Scraping branches, stinging insects and travails of the trail can't deter author

Posted: Friday, February 11, 2005

"I love nature." It's what my field crew and I have been saying to each other all summer.

"I love nature," as the eye-level spruce branch thwacks abruptly into my waiting face.

"I love nature," as I pull the bug net down around my neck in response to the sharp pricks on my shoulders and the never-ending buzz in my ears.

"I love nature," as my foot punches through the bog mat into the untold depths of unstable peat moss and water below, hip wader filling with brown muck and heaven forbid, leeches. I yank it back up, recovering concentration on my path with a start. I love nature.

I work in nature. I'm a biologist.

Nature can be a difficult place sometimes, especially in Alaska. I often think of our state as possessing the soul of a manic depressive woman. First she lures you in with her mystery and beauty and maternal abundance, then she threatens you with a landscape bigger than you are and the dangers of residing in the dark near, but beneath, the top of the food chain.

Alaska's lure lies in everlasting pink and gold sunsets. It shines from snow-capped green mountains with cracked ice-blue glaciers in their crooked elbows. The vast tracts of wilderness sing their siren song, untouched and untrammeled by mankind. There is incomparable beauty in the never-ending light of the three-month long arctic summer, and the mystical dark of winter dances with flickering, colored northern lights. I have flashes of gratitude for the beauty, which I call Alaska Moments.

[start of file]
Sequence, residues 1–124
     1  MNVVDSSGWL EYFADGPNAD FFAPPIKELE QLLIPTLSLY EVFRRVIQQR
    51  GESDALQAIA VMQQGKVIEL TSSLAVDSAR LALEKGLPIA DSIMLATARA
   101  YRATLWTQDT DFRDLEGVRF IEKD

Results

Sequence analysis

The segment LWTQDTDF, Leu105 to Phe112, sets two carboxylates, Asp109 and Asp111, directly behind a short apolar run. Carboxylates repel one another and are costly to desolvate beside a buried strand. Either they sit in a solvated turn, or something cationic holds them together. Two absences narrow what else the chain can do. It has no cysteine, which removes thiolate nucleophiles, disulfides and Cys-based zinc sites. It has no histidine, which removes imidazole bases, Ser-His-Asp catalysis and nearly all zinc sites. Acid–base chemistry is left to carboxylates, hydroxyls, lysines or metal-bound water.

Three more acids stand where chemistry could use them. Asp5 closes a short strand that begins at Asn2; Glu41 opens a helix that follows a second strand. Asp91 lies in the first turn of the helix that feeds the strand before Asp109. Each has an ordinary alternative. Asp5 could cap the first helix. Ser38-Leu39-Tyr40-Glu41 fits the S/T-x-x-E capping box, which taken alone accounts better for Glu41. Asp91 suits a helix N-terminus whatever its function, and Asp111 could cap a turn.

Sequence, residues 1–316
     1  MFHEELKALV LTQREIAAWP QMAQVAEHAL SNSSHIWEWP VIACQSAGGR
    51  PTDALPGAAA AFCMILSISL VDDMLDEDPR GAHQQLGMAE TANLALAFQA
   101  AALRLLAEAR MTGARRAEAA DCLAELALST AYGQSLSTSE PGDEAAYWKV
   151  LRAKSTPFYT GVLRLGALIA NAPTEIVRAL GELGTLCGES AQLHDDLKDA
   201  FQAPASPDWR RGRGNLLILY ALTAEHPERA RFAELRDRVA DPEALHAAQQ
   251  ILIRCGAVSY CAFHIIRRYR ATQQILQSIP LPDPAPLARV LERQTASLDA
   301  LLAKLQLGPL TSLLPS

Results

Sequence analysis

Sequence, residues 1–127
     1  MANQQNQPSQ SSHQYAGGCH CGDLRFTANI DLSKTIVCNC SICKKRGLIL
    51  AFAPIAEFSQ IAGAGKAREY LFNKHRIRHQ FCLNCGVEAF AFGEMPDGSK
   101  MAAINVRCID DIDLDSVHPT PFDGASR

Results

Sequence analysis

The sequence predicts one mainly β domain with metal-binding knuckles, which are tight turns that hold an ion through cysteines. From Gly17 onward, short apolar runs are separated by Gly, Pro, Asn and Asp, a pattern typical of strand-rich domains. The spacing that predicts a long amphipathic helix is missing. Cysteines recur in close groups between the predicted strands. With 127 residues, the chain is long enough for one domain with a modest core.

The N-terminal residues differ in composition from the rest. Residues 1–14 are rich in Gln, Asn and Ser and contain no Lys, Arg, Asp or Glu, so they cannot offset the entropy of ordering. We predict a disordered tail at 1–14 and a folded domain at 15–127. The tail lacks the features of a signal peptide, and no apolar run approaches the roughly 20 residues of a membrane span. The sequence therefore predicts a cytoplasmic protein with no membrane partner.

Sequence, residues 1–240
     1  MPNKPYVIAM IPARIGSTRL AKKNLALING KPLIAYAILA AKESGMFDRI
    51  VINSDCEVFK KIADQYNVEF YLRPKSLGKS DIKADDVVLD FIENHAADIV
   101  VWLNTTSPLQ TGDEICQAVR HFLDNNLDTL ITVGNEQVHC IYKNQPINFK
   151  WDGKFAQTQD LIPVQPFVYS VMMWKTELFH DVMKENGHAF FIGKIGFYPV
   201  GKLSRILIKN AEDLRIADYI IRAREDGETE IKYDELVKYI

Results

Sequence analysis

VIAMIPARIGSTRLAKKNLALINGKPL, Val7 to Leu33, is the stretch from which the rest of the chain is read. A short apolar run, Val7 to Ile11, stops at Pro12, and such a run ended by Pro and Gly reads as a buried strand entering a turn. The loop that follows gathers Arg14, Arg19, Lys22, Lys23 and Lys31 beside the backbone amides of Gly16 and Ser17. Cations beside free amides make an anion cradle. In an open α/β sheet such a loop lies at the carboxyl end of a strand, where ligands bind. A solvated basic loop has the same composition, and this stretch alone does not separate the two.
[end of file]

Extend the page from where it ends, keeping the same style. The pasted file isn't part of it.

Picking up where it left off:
Nevertheless I said bipolar for a reason, as the more unsettling moments exist, too. In the summer, the rivers fill with glacial water running fast and there are moose and grizzlies in the alders. In the winter the light never intensifies beyond the golden pink hues of early morning and the twilit blues of late afternoon. The slopes rising thousands of feet above tree line threaten unspeakably large avalanches. The sting of winter cold, while exhilarating, carries with it the unspoken threat of life on the sidelines of our warm and cozy civilization. The dangers that lurk in the Alaska woods, extreme cold, everlasting dark, large avalanches and wild animals make me more nervous outdoors here than I am in other, gentler, places.

In our quest for biology to research, we are standing at the edge of one of the lakes on the far southwest end of the Swanson River Canoe Route, in the Kenai National Wildlife Refuge, a four-hour paddle and portage from the trail head.

We're tired from portaging the canoe and all of our camping and field gear, yet because of the compressed timing of biological events during the Alaskan summer, we press on to survey a few ponds after setting up camp.